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What the Vatican should learn from corporate America

Catholic nuns and their supporters demonstrate outside the U.S. Conference of Catholic Bishops' biannual meeting in Atlanta this past June. Supporters hand delivered a petition to the Bishops in response to a Vatican finding, which accused them of promoting "certain radical feminist themes incompatible with the Catholic faith." (AP/David Goldman)

Even if you are a true believer and a card carrying member of the Catholic Church, you’ve got to be troubled by how the Vatican is responding to the needs and demands of their most dedicated followers – American nuns. The Leadership Conference of Women Religious, which represents about 80 percent of women’s Catholic religious orders in the United States, was severely criticized by the Vatican this spring for their lack of “doctrinal commitment and loyalty to the church.” The Vatican is asking, actually demanding, that the nuns unquestionably obey the Church. By not obeying, said one Cardinal, these supposed religious women, bound by their pledge of obedience are “misrepresenting who they are, and who they ought to be.”

The nuns do not see the issue as one of disobedience or outright heresy. The nuns claim that they are loyal. They do not want to exit or leave the Church. They just want to address some policy issues with the CEO – the Pope – and the Board of Directors – the College and Cardinals. They claim that Vatican II was supposed to “open the windows” of the Church to the world. Vatican II encouraged dialogue and debate rather than simple fiat and draconian rules. The nuns just want a place at the table in order to discuss some of the critical issues facing the Church:  the ordination of women; gay marriage; birth control; abortion; and, world peace. As one nun told the New York Times last week, “We took vows, but our obedience isn’t blind!”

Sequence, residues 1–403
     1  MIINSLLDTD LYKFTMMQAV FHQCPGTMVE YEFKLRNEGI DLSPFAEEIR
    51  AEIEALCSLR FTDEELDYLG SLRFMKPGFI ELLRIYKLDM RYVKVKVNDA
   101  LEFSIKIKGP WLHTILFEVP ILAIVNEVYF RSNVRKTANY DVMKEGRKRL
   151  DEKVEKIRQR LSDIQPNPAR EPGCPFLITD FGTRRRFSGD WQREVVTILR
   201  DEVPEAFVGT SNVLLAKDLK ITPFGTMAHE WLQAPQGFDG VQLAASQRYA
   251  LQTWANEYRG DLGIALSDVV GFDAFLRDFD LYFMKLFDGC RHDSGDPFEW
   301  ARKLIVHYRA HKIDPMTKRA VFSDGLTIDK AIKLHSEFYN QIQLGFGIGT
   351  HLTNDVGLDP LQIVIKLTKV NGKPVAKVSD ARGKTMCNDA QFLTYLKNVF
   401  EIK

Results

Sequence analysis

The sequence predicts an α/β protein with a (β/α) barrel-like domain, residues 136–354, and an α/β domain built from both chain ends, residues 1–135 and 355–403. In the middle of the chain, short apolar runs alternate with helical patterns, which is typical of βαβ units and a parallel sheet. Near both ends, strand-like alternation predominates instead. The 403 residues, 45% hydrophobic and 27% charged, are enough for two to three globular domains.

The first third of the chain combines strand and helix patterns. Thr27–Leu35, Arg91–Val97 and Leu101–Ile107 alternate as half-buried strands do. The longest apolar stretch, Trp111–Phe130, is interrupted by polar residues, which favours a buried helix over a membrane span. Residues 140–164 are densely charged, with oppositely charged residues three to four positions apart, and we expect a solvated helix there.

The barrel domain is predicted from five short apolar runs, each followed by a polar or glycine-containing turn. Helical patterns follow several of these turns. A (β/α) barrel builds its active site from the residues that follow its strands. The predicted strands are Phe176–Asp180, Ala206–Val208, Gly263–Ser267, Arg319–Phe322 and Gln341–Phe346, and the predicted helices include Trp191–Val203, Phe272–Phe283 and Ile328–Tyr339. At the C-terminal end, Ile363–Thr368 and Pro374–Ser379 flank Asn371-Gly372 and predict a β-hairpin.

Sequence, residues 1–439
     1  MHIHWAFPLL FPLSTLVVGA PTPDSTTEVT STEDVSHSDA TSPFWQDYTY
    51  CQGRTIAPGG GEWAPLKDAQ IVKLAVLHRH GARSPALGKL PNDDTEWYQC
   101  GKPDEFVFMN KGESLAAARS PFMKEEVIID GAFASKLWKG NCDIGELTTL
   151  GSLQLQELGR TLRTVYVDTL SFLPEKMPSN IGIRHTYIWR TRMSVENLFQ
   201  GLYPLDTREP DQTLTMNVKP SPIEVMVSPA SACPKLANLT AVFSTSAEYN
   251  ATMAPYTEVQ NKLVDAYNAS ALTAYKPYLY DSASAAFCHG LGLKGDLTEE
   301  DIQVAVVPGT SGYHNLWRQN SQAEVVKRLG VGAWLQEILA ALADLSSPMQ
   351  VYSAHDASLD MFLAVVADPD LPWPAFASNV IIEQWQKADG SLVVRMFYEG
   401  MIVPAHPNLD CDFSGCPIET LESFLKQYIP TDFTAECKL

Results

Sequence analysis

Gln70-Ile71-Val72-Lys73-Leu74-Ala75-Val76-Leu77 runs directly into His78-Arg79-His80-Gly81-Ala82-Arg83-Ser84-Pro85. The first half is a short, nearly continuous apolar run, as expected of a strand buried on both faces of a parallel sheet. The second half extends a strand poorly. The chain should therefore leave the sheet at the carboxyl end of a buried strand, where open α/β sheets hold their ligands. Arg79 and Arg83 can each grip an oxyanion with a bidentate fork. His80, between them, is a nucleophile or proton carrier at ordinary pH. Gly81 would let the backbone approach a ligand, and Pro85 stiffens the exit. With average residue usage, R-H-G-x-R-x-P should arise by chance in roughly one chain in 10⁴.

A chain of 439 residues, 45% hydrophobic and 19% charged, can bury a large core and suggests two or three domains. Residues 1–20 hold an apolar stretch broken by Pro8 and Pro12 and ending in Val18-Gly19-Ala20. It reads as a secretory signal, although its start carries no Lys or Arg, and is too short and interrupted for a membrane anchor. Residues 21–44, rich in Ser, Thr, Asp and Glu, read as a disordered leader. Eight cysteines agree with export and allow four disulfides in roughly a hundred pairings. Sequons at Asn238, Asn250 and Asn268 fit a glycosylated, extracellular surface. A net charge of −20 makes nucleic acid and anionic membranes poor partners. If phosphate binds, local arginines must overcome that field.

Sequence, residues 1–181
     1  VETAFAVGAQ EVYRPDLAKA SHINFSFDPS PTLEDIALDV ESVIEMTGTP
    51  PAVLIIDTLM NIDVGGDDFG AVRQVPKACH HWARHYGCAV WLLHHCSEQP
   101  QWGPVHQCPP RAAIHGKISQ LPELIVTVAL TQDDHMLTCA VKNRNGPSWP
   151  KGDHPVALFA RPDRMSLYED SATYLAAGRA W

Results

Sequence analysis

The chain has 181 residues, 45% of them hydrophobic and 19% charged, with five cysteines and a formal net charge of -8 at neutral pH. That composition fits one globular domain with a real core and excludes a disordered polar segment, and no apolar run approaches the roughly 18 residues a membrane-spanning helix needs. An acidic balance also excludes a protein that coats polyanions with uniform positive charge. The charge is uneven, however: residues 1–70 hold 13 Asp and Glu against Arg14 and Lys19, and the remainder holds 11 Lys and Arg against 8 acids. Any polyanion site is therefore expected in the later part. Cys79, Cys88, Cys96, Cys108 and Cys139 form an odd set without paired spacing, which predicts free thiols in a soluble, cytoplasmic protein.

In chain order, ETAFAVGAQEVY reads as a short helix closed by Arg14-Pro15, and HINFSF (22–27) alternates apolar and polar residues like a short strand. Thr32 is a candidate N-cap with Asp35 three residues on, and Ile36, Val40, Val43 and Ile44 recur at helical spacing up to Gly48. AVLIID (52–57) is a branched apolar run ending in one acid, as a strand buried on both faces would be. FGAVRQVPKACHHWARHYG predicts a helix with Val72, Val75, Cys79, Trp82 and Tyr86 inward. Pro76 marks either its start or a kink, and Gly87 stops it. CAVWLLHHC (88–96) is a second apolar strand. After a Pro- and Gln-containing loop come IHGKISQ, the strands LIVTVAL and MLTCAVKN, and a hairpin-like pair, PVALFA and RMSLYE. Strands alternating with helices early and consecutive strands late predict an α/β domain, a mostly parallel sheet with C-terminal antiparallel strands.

As far as I’m concerned, this entire debate is as much about HR and management theory as it is about theology. In America today, Catholic parishes are lucky if they have one full-time priest. The nuns are the new managers of American Catholicism. They act as treasurers and business managers. They’re school principals and teachers. They’re hospital administrators, nurses, and doctors. They’re university presidents and faculty members. They run NGOs and practice law in support of the poor and disenfranchised. And, they make house calls as chaplains because there aren’t enough priests! Simply put, nuns are the “worker bees” of “Corporate Church,” but they have very few rights and very little voice in the operation of the organization. 

Management guru Peter Drucker has suggested that smart organizations listen to the people that provide their product or service, i.e. their workers. Why? Because workers have a much more “hands-on” or intimate view of what’s going on than the guys in the “Corporate Suite” or the “Vatican Apartments.” For Drucker, listening to workers is an organizational benefit – and not a liability. 

From a purely organizational point of view, the Vatican is making a serious mistake in how they are dealing with their most important asset, their worker nuns. These women, like all workers, want to be heard; they want input; they want to be respected for what they do; and, most importantly, they want to better the organization that they serve. 

The simple truth is that in our electronically connected 21st century, no modern business corporation would ever consider publicly stating to its workforce: “Do this! And, don’t you dare to ask any questions about it!” 

Al Gini is a Professor of Business Ethics and Chair of the Management Department in the Quinlan School of the Business at Loyola University Chicago. 

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